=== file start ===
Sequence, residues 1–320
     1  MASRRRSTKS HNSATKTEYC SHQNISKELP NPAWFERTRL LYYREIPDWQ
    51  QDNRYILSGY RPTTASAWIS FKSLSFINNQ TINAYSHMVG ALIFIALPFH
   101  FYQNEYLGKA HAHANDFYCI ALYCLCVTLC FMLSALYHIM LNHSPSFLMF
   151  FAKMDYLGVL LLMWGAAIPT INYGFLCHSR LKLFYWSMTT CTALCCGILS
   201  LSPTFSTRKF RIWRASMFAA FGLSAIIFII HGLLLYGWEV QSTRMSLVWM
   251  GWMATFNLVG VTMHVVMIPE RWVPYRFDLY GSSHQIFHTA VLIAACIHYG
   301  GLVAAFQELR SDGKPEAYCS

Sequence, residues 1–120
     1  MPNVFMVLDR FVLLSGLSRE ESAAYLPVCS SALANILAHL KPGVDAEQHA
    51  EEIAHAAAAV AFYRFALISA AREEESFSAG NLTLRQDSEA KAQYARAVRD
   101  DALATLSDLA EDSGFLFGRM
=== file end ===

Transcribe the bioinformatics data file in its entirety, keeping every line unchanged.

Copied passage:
Sequence, residues 1–320
     1  MASRRRSTKS HNSATKTEYC SHQNISKELP NPAWFERTRL LYYREIPDWQ
    51  QDNRYILSGY RPTTASAWIS FKSLSFINNQ TINAYSHMVG ALIFIALPFH
   101  FYQNEYLGKA HAHANDFYCI ALYCLCVTLC FMLSALYHIM LNHSPSFLMF
   151  FAKMDYLGVL LLMWGAAIPT INYGFLCHSR LKLFYWSMTT CTALCCGILS
   201  LSPTFSTRKF RIWRASMFAA FGLSAIIFII HGLLLYGWEV QSTRMSLVWM
   251  GWMATFNLVG VTMHVVMIPE RWVPYRFDLY GSSHQIFHTA VLIAACIHYG
   301  GLVAAFQELR SDGKPEAYCS

Sequence, residues 1–120
     1  MPNVFMVLDR FVLLSGLSRE ESAAYLPVCS SALANILAHL KPGVDAEQHA
    51  EEIAHAAAAV AFYRFALISA AREEESFSAG NLTLRQDSEA KAQYARAVRD
   101  DALATLSDLA EDSGFLFGRM